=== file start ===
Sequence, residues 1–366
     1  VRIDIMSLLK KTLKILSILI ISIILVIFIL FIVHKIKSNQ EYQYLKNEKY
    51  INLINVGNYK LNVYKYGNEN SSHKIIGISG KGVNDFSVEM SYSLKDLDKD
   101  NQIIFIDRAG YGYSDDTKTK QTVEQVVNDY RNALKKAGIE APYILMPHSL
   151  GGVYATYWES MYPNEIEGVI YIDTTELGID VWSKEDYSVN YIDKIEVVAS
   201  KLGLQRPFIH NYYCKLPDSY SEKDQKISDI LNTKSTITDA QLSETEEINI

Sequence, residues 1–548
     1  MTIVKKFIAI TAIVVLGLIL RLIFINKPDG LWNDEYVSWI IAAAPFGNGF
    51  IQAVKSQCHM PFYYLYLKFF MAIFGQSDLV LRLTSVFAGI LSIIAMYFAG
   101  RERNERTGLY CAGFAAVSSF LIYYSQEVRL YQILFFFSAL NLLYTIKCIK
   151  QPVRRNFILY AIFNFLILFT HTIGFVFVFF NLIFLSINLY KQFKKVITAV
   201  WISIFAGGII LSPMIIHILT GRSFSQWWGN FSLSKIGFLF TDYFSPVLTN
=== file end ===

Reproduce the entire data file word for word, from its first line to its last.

Sequence, residues 1–366
     1  VRIDIMSLLK KTLKILSILI ISIILVIFIL FIVHKIKSNQ EYQYLKNEKY
    51  INLINVGNYK LNVYKYGNEN SSHKIIGISG KGVNDFSVEM SYSLKDLDKD
   101  NQIIFIDRAG YGYSDDTKTK QTVEQVVNDY RNALKKAGIE APYILMPHSL
   151  GGVYATYWES MYPNEIEGVI YIDTTELGID VWSKEDYSVN YIDKIEVVAS
   201  KLGLQRPFIH NYYCKLPDSY SEKDQKISDI LNTKSTITDA QLSETEEINI

Sequence, residues 1–548
     1  MTIVKKFIAI TAIVVLGLIL RLIFINKPDG LWNDEYVSWI IAAAPFGNGF
    51  IQAVKSQCHM PFYYLYLKFF MAIFGQSDLV LRLTSVFAGI LSIIAMYFAG
   101  RERNERTGLY CAGFAAVSSF LIYYSQEVRL YQILFFFSAL NLLYTIKCIK
   151  QPVRRNFILY AIFNFLILFT HTIGFVFVFF NLIFLSINLY KQFKKVITAV
   201  WISIFAGGII LSPMIIHILT GRSFSQWWGN FSLSKIGFLF TDYFSPVLTN